J9.4 Exploring the Sensitivity of US Drought Prediction Skill to Land Initial States

Thursday, 10 January 2019: 4:15 PM
North 126BC (Phoenix Convention Center - West and North Buildings)
Chul-Su Shin, George Mason Univ., Fairfax, VA; and B. Huang, P. A. Dirmeyer, and A. Kumar

The NCEP CFSv2 ensemble reforecasts initialized with two land analyses for the period of 1979-2010 (32 years) have been conducted to assess the effect of the uncertainty in land initial state on drought prediction over CONUS. The two observation-based land initial states are adapted from the NCEP CFS Reanalysis (CFSR) and the NASA GLDAS-2 analysis (GLDAS) and the corresponding reforecasts are referred to as the CFSR and GLDAS reforecasts respectively. Atmosphere, ocean, and ice initial states are identical for both reforecasts, which are from the instantaneous restart files of the ECMWF Ocean Reanalysis System 4 (ORA-S4) with a five-member ensemble and the atmosphere and sea ice restart files of CFSR. Ensemble reforecasts of 12-month duration are initialized at the beginning of January, April, July, and October. For each initial month, a 20-member ensemble per land analysis is constructed by pairing each of the ocean initial states with four atmosphere/ice/land initial states at 00Z of the first four days, achieving a total of 40 ensemble members if the two reforecasts are combined.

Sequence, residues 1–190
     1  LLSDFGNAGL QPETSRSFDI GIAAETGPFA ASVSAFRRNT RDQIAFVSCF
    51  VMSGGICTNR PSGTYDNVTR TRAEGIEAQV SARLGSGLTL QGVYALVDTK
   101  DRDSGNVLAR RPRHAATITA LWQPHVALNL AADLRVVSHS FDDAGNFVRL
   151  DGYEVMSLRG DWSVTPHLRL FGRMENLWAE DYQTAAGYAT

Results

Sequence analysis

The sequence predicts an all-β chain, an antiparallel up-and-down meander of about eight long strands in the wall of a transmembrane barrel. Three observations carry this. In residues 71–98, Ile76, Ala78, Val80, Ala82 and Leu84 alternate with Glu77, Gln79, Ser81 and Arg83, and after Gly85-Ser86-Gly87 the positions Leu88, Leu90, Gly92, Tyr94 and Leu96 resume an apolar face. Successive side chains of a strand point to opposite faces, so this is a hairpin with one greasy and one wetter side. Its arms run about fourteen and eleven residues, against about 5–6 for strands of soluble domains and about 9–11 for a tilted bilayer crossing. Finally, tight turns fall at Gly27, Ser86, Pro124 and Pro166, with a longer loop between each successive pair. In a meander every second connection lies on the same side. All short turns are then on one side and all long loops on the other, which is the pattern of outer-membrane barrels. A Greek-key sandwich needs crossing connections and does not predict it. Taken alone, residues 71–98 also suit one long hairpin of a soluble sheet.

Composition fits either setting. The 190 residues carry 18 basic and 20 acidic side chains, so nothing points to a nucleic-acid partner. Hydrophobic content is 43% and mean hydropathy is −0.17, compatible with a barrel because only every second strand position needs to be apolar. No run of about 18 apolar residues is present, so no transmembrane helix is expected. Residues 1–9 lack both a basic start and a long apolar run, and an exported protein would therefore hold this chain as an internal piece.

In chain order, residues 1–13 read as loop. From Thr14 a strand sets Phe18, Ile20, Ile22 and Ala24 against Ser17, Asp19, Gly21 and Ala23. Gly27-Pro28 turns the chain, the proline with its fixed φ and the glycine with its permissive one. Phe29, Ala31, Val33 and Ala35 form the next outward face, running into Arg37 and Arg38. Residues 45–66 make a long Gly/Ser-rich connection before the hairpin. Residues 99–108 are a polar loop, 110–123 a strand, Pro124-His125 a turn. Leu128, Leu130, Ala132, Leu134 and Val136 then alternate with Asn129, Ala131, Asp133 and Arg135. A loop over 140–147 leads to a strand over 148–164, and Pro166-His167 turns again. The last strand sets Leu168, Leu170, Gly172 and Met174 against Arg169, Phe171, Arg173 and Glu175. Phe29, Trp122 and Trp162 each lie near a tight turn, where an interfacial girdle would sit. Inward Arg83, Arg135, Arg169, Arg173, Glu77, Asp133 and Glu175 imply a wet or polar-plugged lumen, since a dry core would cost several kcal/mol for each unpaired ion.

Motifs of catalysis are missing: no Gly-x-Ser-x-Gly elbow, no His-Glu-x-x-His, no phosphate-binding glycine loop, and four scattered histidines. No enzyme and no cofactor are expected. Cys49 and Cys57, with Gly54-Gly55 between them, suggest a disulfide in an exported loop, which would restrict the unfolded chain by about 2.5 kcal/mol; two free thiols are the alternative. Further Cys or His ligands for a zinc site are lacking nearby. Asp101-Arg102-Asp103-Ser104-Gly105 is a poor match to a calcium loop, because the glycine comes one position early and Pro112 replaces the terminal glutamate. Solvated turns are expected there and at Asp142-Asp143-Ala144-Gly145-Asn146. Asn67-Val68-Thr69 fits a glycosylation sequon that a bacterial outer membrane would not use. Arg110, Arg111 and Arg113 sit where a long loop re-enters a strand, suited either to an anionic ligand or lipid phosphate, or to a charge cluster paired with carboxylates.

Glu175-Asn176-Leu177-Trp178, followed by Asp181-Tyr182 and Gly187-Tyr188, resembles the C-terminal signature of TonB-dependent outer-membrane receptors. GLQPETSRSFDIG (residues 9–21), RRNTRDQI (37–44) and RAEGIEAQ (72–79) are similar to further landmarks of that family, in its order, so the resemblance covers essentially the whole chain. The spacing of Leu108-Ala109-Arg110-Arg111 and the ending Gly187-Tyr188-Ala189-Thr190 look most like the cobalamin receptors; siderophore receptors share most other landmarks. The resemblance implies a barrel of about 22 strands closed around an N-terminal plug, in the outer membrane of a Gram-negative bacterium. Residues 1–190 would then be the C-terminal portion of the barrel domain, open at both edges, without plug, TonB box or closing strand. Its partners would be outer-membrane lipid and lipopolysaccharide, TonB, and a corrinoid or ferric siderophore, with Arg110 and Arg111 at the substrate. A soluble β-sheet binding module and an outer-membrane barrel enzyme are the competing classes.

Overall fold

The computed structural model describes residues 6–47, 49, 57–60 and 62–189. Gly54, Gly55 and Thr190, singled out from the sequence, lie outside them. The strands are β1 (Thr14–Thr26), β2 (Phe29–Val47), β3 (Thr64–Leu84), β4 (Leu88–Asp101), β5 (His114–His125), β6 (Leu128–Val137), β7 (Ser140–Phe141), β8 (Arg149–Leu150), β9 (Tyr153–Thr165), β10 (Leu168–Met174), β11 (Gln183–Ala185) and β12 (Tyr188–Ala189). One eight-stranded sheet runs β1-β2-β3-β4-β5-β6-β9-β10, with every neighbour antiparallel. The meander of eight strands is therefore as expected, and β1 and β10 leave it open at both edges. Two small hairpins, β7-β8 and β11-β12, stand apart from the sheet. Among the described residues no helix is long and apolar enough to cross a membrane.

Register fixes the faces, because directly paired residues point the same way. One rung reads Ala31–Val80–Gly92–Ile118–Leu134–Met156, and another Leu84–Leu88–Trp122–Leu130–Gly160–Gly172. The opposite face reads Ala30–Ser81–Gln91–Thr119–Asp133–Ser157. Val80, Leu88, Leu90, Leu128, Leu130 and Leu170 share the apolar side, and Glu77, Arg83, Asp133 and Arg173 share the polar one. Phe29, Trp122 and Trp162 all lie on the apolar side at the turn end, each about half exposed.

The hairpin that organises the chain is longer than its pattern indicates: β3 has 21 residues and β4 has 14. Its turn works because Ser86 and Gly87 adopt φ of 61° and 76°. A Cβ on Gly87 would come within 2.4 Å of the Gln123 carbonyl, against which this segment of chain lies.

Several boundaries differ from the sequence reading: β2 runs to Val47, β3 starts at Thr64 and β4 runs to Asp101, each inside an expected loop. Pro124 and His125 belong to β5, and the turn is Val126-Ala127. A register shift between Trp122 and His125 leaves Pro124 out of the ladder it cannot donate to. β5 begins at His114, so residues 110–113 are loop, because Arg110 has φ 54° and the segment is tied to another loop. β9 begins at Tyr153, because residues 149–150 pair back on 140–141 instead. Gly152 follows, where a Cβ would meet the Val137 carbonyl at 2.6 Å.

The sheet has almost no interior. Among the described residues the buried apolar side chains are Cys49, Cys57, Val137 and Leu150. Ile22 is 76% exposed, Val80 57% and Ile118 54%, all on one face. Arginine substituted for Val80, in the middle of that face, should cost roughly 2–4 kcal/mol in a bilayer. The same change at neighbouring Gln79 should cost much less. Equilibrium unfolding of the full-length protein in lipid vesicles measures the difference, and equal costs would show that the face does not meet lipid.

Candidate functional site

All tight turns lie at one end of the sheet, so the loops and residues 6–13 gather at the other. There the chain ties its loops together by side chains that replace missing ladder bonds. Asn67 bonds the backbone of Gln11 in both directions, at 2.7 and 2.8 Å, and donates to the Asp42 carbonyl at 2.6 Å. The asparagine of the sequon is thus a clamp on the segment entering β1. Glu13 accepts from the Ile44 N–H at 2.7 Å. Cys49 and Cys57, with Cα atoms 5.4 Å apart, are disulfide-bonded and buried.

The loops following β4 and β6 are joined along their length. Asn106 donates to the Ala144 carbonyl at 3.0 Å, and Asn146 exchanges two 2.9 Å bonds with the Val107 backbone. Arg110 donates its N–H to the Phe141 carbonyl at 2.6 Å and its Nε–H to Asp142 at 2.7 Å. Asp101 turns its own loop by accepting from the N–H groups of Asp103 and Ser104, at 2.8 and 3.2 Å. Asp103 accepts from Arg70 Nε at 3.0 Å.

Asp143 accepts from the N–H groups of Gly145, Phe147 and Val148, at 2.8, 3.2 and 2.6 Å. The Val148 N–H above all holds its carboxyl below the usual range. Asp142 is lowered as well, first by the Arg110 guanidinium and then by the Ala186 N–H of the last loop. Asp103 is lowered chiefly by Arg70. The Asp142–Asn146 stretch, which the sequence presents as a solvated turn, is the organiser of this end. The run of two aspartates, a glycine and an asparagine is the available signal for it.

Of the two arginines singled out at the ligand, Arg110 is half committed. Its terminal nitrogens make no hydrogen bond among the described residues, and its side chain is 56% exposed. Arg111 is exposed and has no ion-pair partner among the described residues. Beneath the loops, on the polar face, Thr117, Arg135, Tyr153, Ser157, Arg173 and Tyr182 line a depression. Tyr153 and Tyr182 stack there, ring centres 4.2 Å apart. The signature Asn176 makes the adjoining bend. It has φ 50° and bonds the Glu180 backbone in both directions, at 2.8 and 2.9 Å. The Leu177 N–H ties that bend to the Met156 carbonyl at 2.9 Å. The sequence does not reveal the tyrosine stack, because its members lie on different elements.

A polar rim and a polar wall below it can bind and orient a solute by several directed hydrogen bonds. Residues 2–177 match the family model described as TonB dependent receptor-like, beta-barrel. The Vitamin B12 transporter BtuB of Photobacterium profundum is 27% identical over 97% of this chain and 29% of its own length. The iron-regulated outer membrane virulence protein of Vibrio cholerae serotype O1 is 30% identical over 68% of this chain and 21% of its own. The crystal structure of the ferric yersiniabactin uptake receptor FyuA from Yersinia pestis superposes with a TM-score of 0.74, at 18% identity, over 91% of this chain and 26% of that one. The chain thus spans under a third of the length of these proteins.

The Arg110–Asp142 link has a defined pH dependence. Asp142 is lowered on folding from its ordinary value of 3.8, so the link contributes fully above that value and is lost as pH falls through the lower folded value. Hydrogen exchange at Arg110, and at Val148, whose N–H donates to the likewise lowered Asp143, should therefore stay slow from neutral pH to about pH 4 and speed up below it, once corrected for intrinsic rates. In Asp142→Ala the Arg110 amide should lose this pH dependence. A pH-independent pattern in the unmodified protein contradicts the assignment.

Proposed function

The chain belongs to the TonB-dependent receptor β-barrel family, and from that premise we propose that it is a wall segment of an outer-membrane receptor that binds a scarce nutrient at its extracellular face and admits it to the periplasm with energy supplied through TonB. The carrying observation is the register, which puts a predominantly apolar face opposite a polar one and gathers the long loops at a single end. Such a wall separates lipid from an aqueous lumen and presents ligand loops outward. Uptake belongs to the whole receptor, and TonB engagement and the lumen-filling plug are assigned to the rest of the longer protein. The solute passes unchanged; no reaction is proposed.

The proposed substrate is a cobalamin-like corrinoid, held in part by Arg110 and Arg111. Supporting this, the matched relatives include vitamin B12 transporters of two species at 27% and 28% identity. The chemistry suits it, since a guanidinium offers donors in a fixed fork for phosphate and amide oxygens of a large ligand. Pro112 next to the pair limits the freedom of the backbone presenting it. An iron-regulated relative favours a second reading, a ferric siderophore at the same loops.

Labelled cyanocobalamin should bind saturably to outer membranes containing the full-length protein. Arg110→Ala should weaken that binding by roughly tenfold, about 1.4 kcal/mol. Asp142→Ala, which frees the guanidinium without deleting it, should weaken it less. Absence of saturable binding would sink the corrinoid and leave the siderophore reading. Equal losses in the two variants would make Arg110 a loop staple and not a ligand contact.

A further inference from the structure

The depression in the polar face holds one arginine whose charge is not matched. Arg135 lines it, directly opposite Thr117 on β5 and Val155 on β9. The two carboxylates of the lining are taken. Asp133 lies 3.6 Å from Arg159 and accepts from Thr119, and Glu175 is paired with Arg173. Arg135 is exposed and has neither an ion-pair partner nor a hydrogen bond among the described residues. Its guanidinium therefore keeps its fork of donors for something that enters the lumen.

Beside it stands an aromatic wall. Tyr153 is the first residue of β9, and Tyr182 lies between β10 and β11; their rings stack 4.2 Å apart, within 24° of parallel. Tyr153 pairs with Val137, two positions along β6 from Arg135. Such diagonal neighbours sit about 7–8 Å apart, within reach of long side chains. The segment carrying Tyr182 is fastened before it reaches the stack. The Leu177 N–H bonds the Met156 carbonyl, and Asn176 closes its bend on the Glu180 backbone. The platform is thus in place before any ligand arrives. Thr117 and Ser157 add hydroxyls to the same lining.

We have examined the anomaly correlation skill of monthly mean precipitation over CONUS in the CFSR and GLDAS reforecasts initialized in April and October. The spatial patterns of correlation skill for the predicted precipitation are similar to each other for October-November (April-May) at 0 lead month and December-February (June-August) at 2 lead month. Quantitatively, the differences of skill score pass the statistical significance in some areas but the spatial distribution varies with lead-time and/or target season. In particular, the skill difference in the April-initialized reforecasts is intensified over broader regions during summer, possibly because the influence of ocean memory on precipitation forecast is weakest then and the land-atmosphere interaction becomes more significant. It is also interesting that the GLDAS prediction skill seems to be always better than that of the CFSR reforecasts near the northwestern coast of US. With the two sets of reforecasts, further evaluation of the prediction skill of soil moisture, surface temperature and selected drought indices on subseasonal to seasonal timescales will be discussed with respect to both ensemble mean and spread.

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